Natural Products — from plant-based production to synthetic biology
A 90-minute discussion on the science, technology, risks, promises and policies surrounding a new technology with great disruptive potential.
Since the industrial revolution there has been a shift in the production of natural products (drugs, chemicals, dyes, micronutrients etc.) from plant-based production and chemical extraction to de novo synthesis through synthetic chemistry and more recently by synthetic biology techniques.
Recent advances in synthetic biology have discovered ways to replace the cultivation of, for example, the anti-malarial drug plant artemisia, poppy and vanilla with yeast fermentation, a process akin to "brewing beer". These advances often lower the price of natural products and can lead to widespread adoption of life-saving drugs. Biological means of organic chemical production are also significantly more enviromentally friendly compared to petrochemical and wood-pulp based industries. However they may also pit large multinational companies against the interests of small-holder farmers in the developing world. Further, while some of these products are marketed as natural (since they are produced through biological and not chemical means), others feel that this is an attempt to deceive consumers. We propose a discussion around this topic encompassing questions on: the costs vs. benefits of this technological revolution, the role of plant technologies (e.g. biofortification), the impact on biodiversity with the replacement of rare-plant cropping with fermentation, the ethical issues arising from the future replacement of farms with fermenters and the role of the consumer.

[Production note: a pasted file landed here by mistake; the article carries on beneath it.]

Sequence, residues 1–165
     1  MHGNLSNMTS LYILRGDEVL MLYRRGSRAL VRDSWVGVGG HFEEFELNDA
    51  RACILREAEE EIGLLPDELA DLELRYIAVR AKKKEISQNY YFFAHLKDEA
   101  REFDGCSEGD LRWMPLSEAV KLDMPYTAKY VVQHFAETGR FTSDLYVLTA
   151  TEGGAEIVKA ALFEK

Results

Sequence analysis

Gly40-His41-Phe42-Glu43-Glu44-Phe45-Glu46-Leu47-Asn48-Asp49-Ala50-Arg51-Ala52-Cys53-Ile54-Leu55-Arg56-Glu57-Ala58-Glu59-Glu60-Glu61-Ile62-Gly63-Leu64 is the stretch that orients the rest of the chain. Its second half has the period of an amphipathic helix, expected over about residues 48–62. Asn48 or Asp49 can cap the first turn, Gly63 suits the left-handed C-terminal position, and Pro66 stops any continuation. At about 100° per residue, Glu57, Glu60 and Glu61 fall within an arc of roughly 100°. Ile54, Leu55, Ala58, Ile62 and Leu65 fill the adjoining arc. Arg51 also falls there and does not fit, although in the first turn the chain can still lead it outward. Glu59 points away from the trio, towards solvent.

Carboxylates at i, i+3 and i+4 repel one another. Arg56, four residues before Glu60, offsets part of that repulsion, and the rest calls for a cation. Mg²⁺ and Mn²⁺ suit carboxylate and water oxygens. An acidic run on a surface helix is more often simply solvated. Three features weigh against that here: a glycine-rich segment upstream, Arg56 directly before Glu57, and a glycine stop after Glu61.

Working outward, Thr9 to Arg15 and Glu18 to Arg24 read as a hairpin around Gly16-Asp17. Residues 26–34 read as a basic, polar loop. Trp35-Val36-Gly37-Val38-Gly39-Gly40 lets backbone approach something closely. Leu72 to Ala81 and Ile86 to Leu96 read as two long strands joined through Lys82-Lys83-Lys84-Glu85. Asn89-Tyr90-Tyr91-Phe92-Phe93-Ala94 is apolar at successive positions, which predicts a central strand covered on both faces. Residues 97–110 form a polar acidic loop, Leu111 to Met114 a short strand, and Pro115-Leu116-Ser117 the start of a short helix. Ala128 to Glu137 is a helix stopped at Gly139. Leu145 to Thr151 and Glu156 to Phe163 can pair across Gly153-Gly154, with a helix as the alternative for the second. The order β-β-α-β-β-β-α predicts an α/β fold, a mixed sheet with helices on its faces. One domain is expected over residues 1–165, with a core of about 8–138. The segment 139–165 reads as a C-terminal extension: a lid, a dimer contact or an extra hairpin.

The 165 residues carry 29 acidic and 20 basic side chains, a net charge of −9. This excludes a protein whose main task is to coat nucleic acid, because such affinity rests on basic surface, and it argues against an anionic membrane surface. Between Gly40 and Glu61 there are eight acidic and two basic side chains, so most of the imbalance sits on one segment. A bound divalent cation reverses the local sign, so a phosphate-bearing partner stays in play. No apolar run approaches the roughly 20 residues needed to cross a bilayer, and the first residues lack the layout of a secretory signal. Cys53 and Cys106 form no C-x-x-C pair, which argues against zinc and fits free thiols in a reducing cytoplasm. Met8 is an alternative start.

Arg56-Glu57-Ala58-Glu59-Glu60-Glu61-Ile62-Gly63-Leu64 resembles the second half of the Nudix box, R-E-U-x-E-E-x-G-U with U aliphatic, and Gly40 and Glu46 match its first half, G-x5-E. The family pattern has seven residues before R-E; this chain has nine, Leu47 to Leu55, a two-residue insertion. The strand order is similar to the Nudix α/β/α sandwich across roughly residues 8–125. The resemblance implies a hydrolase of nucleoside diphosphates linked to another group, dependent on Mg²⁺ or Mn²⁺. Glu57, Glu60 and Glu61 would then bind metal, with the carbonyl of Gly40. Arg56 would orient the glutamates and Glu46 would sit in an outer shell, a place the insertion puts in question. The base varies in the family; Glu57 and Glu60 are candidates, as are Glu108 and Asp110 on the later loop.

Post-doctoral researcher at the University of Copenhagen and co-founder of TychoBio (www.tycho.bio). TychoBio is a young company working on industrial production of plant-derived small molecules by introducing new genes into moss.
Dr Ana Deplazes-Zemp is a research associate at the Institute of Biomedical Ethics at the University of Zurich. A doctorate in Biochemistry from ETH Zurich, Ana's current research interests include the ethical effects of synthetic biology, responsible research and innovation in biotechnology, definitions of life and the boundary between natural and artificial/life and machines.
François Meienberg has worked at Public Eye (www.publiceye.ch) (formerly the Berne Declaration) since 1999, with a focus on Intellectual Property Rights and Agriculture. He has followed Convention of Biological Diversity, Access and benefit sharing and FAO-Treaty negotiations intensely and worked on Joint Projects and Campaigns with different stakeholders to reveal Biopiracy and implement ABS include: the Basmati Patent, Swartzia Madagascariensis, Hoodia, Pelargonium Patent and Rooibos.
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